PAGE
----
You can get a used container anywhere between $2,000 to $8,000. Factor in the cost of delivery, accessories, land development charges, utilities, furniture, and fixtures.
Depending on the customization and accessories you choose, the price can fluctuate.
Rain or snow, the robust steel body of the container will keep you safe. You'll need much less time to build shipping container hunting cabins as you'll already have an exterior skeleton to begin with. Shipping containers are highly secure; they'll protect from unwanted intruders (2-legged and 4-legged, both!)
Storage containers remain unaffected by termites and insects. Plus, they are relatively cheaper to build.
If you sell your land and move to a new location, you can take your container cabin with you wherever you go.
Let's look at six unique cabins built entirely from shipping containers:
BERG Premier Camp Solution's Rugged Cabin comes equipped with wood flooring, insulation, and windows with options to add solar generators, kitchen/bathroom, and fold tables.
The Rugged Cabin | https://www.ruggedcabin.com/
Although the name suggests otherwise, The Tin Can provides upscale accommodation, complete with a living area, dining table, insulated walls, and a cozy bedroom.
Hunting camp containers have various features, such as a fully-equipped kitchen, bunk beds, and rugged interiors for a memorable experience with your family.
Dupuis, a Canadian engineer and renewable energy researcher, outfitted used containers to build a cozy hunting cabin with a wood-fired stove, solar panels, and a minimalistic design with no walls. The entire project cost him only about $20,000.
Meka Modular's off-grid living solution is a studio apartment with a queen bed, a work desk, and a terrace front, perfect for hunters and anyone looking to stay comfortably in the wild.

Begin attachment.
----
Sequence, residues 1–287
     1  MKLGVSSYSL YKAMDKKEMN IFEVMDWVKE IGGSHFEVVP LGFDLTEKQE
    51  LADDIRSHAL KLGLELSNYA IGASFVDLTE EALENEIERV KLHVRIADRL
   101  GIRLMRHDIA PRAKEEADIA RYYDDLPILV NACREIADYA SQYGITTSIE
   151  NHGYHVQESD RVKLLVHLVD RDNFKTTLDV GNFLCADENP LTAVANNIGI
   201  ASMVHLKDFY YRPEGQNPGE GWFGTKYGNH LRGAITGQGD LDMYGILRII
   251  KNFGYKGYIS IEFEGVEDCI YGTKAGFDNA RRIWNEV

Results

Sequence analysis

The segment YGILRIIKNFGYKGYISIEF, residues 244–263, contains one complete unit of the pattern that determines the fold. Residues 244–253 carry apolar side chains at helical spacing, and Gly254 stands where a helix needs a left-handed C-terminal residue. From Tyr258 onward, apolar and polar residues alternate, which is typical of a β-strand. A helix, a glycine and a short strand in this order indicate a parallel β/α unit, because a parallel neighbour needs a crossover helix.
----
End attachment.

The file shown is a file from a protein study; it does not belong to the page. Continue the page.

The Taj MaLodge is a luxurious Airbnb in Oklahoma with a beautiful pond, artisanal furniture, boat parking, a patio and a grill, a storm shelter, and a giant greenhouse. You can book a stay over the weekend or even plan long-term vacations at the property.
Extreme Cubes are a reputed solution for a pre-built hunting cabin. MEKA Modular's Liberty 200 is available for sale in a ready-to-use build. Build-a-box is another business that offers pre-built houses.
You can also contact Cube Depot, Armadillo Cabins, and Rugged Cabin for a high-quality cabin.
Alternatively, you can buy a used shipping container and DIY the entire process to save money.
A shipping container hunting cabin can be the perfect solution for off-grid living and experiencing the wild. You can convert a used container or buy a pre-built building at a fraction of the price a traditional wooden cabin would cost. A container solutions specialist can help you achieve a practical design and assist you in your plans.
Mobile Modular Portable Solution offers high-quality shipping containers for rent and sale. Call us at 866-459-7600 or get in touch with us to learn more about our container solutions.
A used shipping container can cost anywhere between $2,000 to $8,000, while accessories and customizations are extra. Depending on the layout, customizations, and accessories, a shipping container cabin will cost a minimum of $20,000.
It typically takes around a month to convert a container into a tiny home. Alternatively, you can buy a pre-build container and get it delivered directly to your land within a week.
Mobile Modular Portable Storage serves customers from major industries and can help you select the right product at the right price. Call 866.456.7600 to speak to representative or request a quote for your cabin container.
Shipping containers may rust due to moisture build-up. You can improve the ventilation, add a protective coat of paint, and fill out the cracks and gaps to reduce the risk of corrosion and make your shipping container last longer.